• ESG investments will have a limited impact in the short term in terms of profitability (returns). However, the world has continued to make more ESG investments. As shown in Figure B, the Global Sustainable Investment Alliance (GSIA) announced in July 2021 that global ESG (environment, social and corporate governance) investments during 2020 amounted to USD 35.3 trillion (about JPY 3,900 trillion) (up 15% from 2018).  Japan saw an increase of 32%, which translates to USD 2.9 trillion (about JPY 310 trillion).

Source: Prepared by Deloitte Tohmatsu Group based on details from GSIA’s "Global Sustainable Investment Review 2020

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  • Why do ESG investments continue to see this much growth despite not outperforming other investments? One theory is that the risks from not proactively engaging in ESG/SDGs has grown. In recent years, a wide range of corporate scandals that include not only environmental issues, but also issues such as child labor and personal information leaks, have continued at an incessant rate. These scandals have not only resulted in simple penalties/compensation, but have also damaged the brand image of these companies, which has had an immeasurable impact on their profits. If there is a greater risk associated with investing in companies that do not conform to ESG standards, more ESG investments are likely to be made based on a risk-versus-return perspective, even if these investments have no impact on returns. 
  • For example, looking at which risks companies are focusing on (Figure C) reveals that, with the exception of COVID-19, risks stemming from climate change and workforce availability have significantly risen. Risks associated with climate change include not only physical, but also financial and reputational risks. As for risks associated with workforce availability, companies are facing growing risks not only from inhumane labor conditions (which is best exemplified by child labor), but also from the fact that workers are increasingly taking into account a company’s purpose (raison d’etre) and environmental/social contributions in selecting their workplace.


Source: Prepared by Deloitte Tohmatsu Group based on five years' worth of surveys (2018 to 2022) from Allianz Global Corporate & Specialty’s “Allianz Risk Barometer

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  • The number of ESG-related lawsuits has seen an increase in recent years, and the market for D&O insurance, which insures corporate directors and officers against damages, is on the rise. So-called “litigation funds” that provide funds for large-scale class action lawsuits against companies have emerged overseas, and the flow of funds to ESG lawsuits cannot be ignored. Tokio Marine & Nichido Fire Insurance revealed in November 2021 that it will consider utilizing ESG scores to determine D&O insurance premiums.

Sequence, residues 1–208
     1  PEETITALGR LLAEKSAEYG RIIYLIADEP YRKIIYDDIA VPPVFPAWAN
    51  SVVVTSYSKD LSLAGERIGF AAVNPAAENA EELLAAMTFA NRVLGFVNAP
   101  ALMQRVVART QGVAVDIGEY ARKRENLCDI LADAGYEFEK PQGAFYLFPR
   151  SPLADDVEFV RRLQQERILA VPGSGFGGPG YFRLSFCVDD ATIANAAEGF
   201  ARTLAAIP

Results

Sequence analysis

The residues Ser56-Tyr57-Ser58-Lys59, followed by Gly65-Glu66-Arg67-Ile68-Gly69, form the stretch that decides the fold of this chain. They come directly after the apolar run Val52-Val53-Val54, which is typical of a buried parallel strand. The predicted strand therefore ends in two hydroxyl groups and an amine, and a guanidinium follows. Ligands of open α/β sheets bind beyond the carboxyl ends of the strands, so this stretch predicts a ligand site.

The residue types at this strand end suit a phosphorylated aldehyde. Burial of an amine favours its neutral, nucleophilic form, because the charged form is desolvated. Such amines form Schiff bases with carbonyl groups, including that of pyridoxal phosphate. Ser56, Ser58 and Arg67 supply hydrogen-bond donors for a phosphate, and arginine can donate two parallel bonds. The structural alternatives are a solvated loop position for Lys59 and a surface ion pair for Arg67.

• In fact, the recent wave of digitalization has played a large role in exacerbating these risks from an ESG perspective. As written above, addressing social issues with a public goods aspect will contribute little in terms of returns. This leads to a dynamic in which the logical strategy is to leave the resolution of such issues to others, presenting a sort of “prisoner’s dilemma” from an economic sense. The main method to resolve such a “prisoner’s dilemma” and encourage cooperation would be to expose betrayal and to enforce stronger penalties. The former is especially effective because we live in a world where digitalization has allowed us to expose and document any corporate activity that works against ESG, as well as facilitate the quick spread of information. This will also leave a digital tattoo on companies that will not be forgotten for some time. An example of this could include a case in which a photo taken from a satellite reveals environmental damage, which in turn damages the value of the company. Our world is growing less tolerant of such betrayals due to greater public scrutiny brought about by digitalization, in addition to a growing demand to disclose more information from ESG-related initiatives.


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Naoki Okada
Senior Manager, Deloitte Tohmatsu Consulting